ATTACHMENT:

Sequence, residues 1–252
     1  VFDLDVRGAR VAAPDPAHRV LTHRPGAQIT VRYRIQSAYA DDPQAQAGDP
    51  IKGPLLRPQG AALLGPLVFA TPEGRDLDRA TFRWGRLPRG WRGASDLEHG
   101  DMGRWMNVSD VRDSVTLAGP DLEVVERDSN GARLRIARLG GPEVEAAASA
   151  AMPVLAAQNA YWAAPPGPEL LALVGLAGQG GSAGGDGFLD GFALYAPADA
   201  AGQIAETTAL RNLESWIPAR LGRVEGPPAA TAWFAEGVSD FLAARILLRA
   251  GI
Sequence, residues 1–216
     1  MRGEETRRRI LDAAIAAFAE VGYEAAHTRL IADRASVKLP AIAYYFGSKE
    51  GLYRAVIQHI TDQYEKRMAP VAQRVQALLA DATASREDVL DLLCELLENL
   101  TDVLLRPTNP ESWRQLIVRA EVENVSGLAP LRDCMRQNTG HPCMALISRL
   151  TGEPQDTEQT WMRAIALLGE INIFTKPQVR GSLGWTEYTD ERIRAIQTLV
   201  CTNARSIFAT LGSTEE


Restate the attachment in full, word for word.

Sequence, residues 1–252
     1  VFDLDVRGAR VAAPDPAHRV LTHRPGAQIT VRYRIQSAYA DDPQAQAGDP
    51  IKGPLLRPQG AALLGPLVFA TPEGRDLDRA TFRWGRLPRG WRGASDLEHG
   101  DMGRWMNVSD VRDSVTLAGP DLEVVERDSN GARLRIARLG GPEVEAAASA
   151  AMPVLAAQNA YWAAPPGPEL LALVGLAGQG GSAGGDGFLD GFALYAPADA
   201  AGQIAETTAL RNLESWIPAR LGRVEGPPAA TAWFAEGVSD FLAARILLRA
   251  GI
Sequence, residues 1–216
     1  MRGEETRRRI LDAAIAAFAE VGYEAAHTRL IADRASVKLP AIAYYFGSKE
    51  GLYRAVIQHI TDQYEKRMAP VAQRVQALLA DATASREDVL DLLCELLENL
   101  TDVLLRPTNP ESWRQLIVRA EVENVSGLAP LRDCMRQNTG HPCMALISRL
   151  TGEPQDTEQT WMRAIALLGE INIFTKPQVR GSLGWTEYTD ERIRAIQTLV
   201  CTNARSIFAT LGSTEE